3 Internet Start Up Ideas That Were Turned Into Multi-Million Businesses
Foursquare’s Start-Up Story
While some of the world’s biggest internet phenomenon can spark from the thin air of life-in-motion, other concepts are slowly developed from several meetups. Sometimes, there are several conversations and ideas that have to mold into one dynamic app. Naveen Selvadurai and Dennis Crawley, Founders of the mega-popular app Foursquare took a slow, methodical approach but developed their idea from several life experiences.
After having a bunch of different conversations at different coffee shops and restaurants, the question became, “how do you remember where we went?” More importantly, the conversation shifted; “how do we discover new places in our towns and cities?” The idea of Foursquare began with that in mind, helping people discover and connect wherever they are whenever they want.
Selvadurai would bring the concepts of analytics and ‘checking in’ to Foursquare to make it interesting. Crawley meanwhile, would add the element of gaming to make it more fun and addictive experience. But this idea couldn’t remain an idea for long. Both Crawley and Selvadurai forced their mental thoughts into a real working app; giving themselves a deadline to present their concept to the public at the 2009 SXSW festival. Their tenacity paid off because, by the end of that summer, they’d raised enough money to hire their first employee. A cult following would soon emerge and the rest is history. Today, Foursquare has a user base of over 10 million people, with over 35,000 people ‘checking in’ each day.
How StumbleUpon Was Started
Not every startup is born a superstar. While some websites catch on like wildfire to the public, others stake their claim by remaining scrappy. StumbleUpon is an example of the engaged, determined dot.com that refuses to lose. In fact, it continues to gain, with over 500,000 new users signing up each month.
But that wasn’t the case 14 years ago. Two grad students; Garrett Camp and Geoff Smith remembered when it was barely on the radar, acting as a subscriber service on a then relatively unknown Firefox extension. Back then, a few magazine articles and some low-level promotion got them a few thousand subscribers, but the site was far from the powerhouse it was today.
Five years after its inception, Camp and Smith had reached a breaking point. StumbleUpon had gradually gained some traction, earning themselves around 600,000 subscribers at the time. They were finished with grad school and had two options; get a full-time job or find funding for their resilient tech business.
Silicon Valley was their land of milk and honey, as they were able to put together an incredible $1.5 million seed round in 2006. But money wasn’t the only valuable thing they stumbled upon in the San Francisco area.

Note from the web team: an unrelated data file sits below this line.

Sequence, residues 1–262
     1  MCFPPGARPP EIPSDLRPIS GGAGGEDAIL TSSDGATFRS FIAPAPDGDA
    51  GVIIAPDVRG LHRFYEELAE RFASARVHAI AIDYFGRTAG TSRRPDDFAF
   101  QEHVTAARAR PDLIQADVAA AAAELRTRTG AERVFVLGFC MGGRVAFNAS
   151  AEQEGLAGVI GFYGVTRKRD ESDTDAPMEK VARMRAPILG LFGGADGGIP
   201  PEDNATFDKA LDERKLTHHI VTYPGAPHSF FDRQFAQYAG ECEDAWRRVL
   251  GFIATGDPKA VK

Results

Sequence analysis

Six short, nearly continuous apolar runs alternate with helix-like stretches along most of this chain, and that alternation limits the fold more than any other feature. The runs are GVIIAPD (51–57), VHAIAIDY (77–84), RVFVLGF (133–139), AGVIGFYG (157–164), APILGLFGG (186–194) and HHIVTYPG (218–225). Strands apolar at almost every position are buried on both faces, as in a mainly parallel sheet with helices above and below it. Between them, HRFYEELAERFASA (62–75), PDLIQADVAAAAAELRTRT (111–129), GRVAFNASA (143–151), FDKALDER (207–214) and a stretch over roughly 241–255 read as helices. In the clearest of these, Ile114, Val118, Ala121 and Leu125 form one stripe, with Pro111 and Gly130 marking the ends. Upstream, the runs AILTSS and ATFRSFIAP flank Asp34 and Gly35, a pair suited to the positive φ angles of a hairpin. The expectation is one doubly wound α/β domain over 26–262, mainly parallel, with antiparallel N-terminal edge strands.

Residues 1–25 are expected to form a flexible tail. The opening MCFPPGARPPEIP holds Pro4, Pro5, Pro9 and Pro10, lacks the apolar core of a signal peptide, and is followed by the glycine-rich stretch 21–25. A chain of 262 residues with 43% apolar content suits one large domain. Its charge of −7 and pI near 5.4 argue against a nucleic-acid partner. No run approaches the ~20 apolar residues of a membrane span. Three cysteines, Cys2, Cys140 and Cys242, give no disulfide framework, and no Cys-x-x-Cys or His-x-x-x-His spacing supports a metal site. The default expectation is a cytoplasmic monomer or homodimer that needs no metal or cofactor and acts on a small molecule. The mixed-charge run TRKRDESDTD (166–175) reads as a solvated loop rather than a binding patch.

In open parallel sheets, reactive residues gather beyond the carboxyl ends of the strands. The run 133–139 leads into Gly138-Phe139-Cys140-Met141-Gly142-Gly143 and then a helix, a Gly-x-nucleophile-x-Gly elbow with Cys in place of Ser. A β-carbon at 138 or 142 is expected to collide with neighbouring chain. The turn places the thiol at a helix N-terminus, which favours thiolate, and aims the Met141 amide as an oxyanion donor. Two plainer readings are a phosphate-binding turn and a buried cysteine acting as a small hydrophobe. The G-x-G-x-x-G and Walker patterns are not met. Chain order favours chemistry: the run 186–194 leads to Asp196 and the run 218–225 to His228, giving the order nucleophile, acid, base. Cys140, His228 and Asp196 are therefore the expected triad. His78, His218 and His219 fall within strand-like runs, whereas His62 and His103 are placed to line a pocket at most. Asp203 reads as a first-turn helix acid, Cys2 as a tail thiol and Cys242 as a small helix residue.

Their founders also offered valuable advice and helped the young duo develop their business in Silicon Valley. After carefully hiring a hungry team full of savvy marketers and business professionals, StumbleUpon had gained their footing in the tech world. One year later in 2007, eBay would acquire the upstart company for a cool $75 million.
How RetailMeNot’s Start-Up Idea Was Born
While other startup stories can range from the spectacular to the dramatic, there are quite a few that fall in the stereotypes that aspiring entrepreneurs continue to ignore. RetailMeNot‘s Australian founders Guy King and Bevan Clark are examples of the superstar startup millionaire’s handbook: finding something they love to do and putting in a heck of a lot of sweat equity.
In their case, they had a passion not just for finding deals but giving those deals to the people.
With over $30 million in revenues worldwide and 90 million unique visitors across the globe, you’d think this is an age-old company that’s been around forever. In fact, this company hasn’t reached its 10th birthday, as King and Clark started the company in 2006. Their mantra of doing what you love and “scratching that itch” is what brought them to the success they have today.
Mixed with their entrepreneurial spirit, King and Clark took advantage of the internet’s obsession with daily deals and coupons before they became a mainstream fad. RetailMeNot was positioned as an aggregation of the web’s most popular coupon sites. Distributing over 500,000 coupons from over 50,000 stores, King and Clark were finding deals on everything from baby products, electronics, travel, accessories and just about everything else. Their gamble had ultimately paid off just four years later as they were acquired by Whaleshark Media in 2010.
Did you like the stories? If so, please consider supporting the site by sharing them with friends. Thanks!